Apple pulls switch to convert Linux fans to Mac


Apple Computer Inc. says reports of its imminent demise are, once again, premature.

With a newly-installed base of
5 million users of its OS X operating system, Apple claims it’s the largest seller of UNIX-based computers worldwide and disputes reports its market share is eroding.

Contrary to Apple’s assertions, a December research report by Al Gillen of IDC of Framingham, Mass., calculates that Linux-based personal computers (a derivative of UNIX) make up 4 percent of the desktop marketplace, passing Apple Macintosh’s 2 percent (25 million users) and landing in second place behind Microsoft Corp.’s Windows.

“If you count the number of desktops out there, any Linux provider would like to get 4 percent of that,” says Joseph Eckert, spokesman for Oakland-based SuSE Inc., the second-largest Linux software company worldwide.

The debate may be simply semantics. Apple touts it’s not a victim of Linux. Rather it expects to convert more Linux users to the Macintosh platform with a new strategy offering programmers free operating-system software critical to creating Linux-based applications used by a wide range of professions.

Brian Kroll, Apple’s senior marketing director for OS X, says “I think [IDC] is confused.” IDC researcher Gillen did not return telephone calls requesting an interview.

Kroll claims 5 million Macintosh users have adopted OS X since last year’s debut, moving Apple ahead of IBM and Santa Clara’s Sun Microsystems Inc. as the largest seller of UNIX-based computers.

The “X” in Apple’s OS X has two meanings. It represents the Roman numeral 10 version number and is programmer shorthand for the UNIX-based operating systems such as Linux and Sun’s Solaris.

Apple executives say their newest operating system attracts people who in the past didn’t look at Macintosh computers. The days of Apple being seen as a company dependent on graphic designers and publishers are no more, Kroll says.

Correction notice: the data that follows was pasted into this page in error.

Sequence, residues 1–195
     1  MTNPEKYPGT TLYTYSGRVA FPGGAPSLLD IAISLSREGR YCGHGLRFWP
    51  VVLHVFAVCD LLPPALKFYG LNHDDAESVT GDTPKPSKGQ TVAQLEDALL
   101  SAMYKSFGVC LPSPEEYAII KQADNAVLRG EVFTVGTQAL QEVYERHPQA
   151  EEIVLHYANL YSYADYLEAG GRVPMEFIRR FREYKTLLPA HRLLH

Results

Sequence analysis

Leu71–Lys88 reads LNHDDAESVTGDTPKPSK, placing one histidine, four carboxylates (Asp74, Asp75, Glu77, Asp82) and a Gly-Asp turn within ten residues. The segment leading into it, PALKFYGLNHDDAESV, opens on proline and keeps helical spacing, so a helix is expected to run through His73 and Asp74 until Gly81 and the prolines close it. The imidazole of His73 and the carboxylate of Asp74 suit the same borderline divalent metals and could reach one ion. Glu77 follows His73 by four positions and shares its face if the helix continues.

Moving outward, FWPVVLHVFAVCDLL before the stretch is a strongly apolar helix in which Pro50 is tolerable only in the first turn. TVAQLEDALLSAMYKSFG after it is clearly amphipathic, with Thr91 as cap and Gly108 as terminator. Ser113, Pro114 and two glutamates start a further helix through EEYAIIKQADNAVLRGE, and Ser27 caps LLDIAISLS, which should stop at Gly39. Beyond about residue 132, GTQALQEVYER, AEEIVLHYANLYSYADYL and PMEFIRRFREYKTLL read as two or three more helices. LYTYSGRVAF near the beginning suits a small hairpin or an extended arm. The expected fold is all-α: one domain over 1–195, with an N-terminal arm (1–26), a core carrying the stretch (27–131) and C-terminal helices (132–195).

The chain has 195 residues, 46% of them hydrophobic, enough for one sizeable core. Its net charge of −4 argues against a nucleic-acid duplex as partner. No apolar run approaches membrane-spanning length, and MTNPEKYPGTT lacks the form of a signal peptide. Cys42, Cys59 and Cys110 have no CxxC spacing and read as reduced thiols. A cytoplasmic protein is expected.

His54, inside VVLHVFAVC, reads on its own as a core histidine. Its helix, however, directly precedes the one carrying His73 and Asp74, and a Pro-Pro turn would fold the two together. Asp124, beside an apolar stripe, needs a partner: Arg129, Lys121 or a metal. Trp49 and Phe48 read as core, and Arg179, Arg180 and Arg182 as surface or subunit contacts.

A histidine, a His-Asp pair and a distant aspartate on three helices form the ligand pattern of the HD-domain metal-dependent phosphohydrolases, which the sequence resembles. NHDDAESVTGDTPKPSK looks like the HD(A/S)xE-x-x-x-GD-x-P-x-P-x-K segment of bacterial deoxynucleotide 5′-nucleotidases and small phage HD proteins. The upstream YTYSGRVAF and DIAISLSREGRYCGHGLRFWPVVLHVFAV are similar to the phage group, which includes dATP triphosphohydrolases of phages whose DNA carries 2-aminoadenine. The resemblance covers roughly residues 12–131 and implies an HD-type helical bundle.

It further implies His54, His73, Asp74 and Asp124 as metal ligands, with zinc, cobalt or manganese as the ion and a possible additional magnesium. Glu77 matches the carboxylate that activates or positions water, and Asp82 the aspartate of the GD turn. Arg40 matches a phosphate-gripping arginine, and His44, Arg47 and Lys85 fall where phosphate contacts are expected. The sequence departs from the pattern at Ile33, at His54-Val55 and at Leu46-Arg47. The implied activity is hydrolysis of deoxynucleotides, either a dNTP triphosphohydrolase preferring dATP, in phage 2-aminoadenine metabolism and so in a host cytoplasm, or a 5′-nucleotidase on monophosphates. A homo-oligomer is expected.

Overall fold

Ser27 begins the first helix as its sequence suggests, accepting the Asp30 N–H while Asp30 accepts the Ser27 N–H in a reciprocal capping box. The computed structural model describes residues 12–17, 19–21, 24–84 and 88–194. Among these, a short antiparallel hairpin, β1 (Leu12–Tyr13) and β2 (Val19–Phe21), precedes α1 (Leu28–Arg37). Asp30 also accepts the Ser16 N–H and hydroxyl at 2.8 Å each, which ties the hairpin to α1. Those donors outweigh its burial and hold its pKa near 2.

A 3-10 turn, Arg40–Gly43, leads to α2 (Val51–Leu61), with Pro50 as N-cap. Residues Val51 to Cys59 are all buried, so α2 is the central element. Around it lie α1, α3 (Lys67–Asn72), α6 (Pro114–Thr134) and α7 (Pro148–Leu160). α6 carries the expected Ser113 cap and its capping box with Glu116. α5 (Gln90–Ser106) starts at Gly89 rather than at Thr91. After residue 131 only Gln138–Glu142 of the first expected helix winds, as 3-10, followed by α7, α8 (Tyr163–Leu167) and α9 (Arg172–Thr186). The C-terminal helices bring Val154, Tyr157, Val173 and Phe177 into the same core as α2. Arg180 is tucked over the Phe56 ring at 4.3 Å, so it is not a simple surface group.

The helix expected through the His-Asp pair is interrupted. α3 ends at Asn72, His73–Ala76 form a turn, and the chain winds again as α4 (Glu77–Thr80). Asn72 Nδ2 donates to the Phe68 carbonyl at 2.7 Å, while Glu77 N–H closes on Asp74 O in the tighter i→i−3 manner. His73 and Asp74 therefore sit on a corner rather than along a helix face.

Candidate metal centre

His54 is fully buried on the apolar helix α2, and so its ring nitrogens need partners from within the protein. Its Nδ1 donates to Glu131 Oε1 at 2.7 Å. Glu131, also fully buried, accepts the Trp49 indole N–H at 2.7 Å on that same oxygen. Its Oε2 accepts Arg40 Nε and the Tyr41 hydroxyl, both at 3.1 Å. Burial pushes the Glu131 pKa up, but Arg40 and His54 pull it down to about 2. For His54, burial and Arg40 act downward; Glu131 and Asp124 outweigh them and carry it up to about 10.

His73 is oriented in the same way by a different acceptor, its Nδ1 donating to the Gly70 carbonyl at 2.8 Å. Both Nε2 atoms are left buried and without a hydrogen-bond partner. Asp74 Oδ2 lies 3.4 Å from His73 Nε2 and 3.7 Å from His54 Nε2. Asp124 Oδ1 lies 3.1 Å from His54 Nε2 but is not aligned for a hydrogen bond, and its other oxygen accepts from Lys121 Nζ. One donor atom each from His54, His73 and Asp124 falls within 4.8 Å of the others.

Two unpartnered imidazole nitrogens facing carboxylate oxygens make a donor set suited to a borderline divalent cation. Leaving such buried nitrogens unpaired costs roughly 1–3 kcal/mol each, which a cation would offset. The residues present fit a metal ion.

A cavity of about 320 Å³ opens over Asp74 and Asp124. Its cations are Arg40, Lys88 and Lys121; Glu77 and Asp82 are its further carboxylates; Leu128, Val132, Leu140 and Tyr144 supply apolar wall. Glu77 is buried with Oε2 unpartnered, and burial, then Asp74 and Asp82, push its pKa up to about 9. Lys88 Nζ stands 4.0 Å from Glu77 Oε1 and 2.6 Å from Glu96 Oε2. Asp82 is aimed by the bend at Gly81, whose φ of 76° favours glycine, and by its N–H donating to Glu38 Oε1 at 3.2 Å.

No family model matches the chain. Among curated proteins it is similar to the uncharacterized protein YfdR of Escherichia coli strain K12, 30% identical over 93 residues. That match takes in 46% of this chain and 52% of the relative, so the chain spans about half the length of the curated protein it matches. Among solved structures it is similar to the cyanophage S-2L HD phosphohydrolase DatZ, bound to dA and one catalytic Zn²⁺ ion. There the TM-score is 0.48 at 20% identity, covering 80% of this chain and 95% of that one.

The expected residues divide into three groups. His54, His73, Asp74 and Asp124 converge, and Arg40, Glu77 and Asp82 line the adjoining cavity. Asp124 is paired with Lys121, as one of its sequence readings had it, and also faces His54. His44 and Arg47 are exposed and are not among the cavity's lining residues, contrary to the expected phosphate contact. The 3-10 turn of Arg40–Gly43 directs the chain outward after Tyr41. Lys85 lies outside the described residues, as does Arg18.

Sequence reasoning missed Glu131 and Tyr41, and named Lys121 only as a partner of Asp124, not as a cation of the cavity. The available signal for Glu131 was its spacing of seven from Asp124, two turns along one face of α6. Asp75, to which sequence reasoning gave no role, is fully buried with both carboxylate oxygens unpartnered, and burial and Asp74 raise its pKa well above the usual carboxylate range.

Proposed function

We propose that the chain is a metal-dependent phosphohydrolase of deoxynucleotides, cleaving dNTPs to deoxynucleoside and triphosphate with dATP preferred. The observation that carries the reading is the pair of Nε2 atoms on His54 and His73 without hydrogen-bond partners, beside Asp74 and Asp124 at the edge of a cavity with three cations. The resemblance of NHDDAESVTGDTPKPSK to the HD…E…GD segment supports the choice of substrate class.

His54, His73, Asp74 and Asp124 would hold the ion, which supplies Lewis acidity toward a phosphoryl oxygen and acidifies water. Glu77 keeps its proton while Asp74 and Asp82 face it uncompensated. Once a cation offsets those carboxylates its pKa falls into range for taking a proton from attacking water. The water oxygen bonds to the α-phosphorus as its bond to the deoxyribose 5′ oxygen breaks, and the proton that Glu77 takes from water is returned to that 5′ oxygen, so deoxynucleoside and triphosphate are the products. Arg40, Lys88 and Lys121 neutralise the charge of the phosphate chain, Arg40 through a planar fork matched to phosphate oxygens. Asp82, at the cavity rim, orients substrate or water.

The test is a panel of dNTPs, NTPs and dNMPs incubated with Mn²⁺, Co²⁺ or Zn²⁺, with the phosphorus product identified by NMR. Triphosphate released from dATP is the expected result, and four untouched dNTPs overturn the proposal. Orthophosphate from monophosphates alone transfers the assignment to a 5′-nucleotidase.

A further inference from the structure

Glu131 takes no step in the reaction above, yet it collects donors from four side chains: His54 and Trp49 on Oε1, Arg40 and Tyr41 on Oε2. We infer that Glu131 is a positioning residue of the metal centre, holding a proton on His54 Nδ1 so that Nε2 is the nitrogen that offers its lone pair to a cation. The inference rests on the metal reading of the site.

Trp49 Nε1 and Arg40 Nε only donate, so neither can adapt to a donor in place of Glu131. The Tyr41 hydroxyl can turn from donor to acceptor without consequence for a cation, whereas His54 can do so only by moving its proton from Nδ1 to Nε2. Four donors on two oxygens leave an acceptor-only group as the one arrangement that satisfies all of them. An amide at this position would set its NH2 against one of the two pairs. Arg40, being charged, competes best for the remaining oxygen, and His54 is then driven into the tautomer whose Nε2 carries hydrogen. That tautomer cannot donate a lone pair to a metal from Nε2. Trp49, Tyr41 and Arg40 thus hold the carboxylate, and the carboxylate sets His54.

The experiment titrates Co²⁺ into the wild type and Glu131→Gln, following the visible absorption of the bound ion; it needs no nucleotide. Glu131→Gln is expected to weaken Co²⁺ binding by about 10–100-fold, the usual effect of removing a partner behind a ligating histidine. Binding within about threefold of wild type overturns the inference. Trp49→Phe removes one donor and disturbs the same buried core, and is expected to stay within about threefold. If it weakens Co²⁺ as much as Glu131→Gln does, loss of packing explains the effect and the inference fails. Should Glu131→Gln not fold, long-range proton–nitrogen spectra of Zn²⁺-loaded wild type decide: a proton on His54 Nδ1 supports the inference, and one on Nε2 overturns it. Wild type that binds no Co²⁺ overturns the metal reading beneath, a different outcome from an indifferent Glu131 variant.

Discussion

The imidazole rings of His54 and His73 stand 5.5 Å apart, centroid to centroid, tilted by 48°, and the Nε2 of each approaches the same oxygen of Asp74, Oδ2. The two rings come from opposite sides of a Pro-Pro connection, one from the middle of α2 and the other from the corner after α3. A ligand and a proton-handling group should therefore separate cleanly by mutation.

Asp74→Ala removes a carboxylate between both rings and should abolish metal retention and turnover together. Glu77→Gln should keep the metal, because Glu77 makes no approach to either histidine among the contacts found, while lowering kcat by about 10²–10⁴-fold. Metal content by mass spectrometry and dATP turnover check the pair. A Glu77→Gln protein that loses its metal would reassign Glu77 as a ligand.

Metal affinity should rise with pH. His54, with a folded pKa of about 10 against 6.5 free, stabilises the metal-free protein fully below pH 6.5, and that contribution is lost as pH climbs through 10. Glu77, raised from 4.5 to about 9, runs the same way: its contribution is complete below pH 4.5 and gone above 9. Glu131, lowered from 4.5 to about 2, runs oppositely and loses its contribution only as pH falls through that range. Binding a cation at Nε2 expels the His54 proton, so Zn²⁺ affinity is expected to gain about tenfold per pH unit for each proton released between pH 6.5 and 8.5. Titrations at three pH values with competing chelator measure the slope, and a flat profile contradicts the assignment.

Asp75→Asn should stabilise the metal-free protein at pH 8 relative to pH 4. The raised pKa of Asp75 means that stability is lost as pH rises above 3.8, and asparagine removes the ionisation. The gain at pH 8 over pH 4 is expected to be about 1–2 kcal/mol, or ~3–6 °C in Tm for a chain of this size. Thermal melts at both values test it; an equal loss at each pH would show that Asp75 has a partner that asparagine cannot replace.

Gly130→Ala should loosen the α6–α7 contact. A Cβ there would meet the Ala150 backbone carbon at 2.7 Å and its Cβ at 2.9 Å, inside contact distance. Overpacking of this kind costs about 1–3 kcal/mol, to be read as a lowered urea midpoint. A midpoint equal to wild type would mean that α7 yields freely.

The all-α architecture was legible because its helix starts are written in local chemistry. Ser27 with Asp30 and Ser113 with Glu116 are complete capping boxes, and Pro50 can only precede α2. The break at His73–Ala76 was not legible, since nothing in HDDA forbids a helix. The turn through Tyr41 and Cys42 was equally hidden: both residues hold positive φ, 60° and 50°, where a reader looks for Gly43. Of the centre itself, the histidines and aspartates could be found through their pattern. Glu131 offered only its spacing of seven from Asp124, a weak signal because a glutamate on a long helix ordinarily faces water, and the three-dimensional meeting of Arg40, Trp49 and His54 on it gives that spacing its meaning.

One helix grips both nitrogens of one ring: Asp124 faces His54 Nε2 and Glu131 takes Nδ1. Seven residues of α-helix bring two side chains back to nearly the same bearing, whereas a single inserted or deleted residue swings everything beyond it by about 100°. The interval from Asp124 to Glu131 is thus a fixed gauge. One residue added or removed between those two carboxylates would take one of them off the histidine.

“I think you can say its over — definitely,” he says.

The UNIX technology behind OS X allows the Cupertino company to gain acceptance with professionals in bioinformatics, government, animation and developers of Linux-based scripting applications, he says. In bioinformatics, for example, Apple began making inroads after programmers adjusted the popular UNIX/Linux BLAST program, used in gene sequencing to decipher DNA, to run on OS X.

In the world of computer operating systems, the availability of new and useful applications is the difference between life and death.

Last week Apple began offering a free, open source X11 that’s critical to many Linux users for Mac OS X. Apple’s new X11 is an operating system environment designed to run alongside and integrate with Macintosh OS X operating system.

The availability of X11 on the Macintosh platform will accelerate Linux-to-Mac application conversion and attract new Linux and UNIX-based applications, Kroll believes.

“Suddenly [Linux] applications that were not available before will just show up,” Kroll says. “Our core is open source. This is a huge change from Apple’s previous strategy.”

Linux Journal Senior Editor Doc Searls agrees. In a Jan. 12 report he writes, “while the obvious purpose of the [X11] move is to give Apple parity with other UNIXes, the more important purpose is to allow easier porting of [or UNIX-based] applications to OS X.”

Apple counts on its version of X11 being declared best of breed in the open-source market and attracting programmers — particularly UNIX users who wouldn’t have given a Mac a second glance a few years ago — to drive up computer sales.

With Apple’s two new Powerbook laptop computers offering mobility to
UNIX users, Linux fans may be featured in Apple’s next “Switch” ad campaign.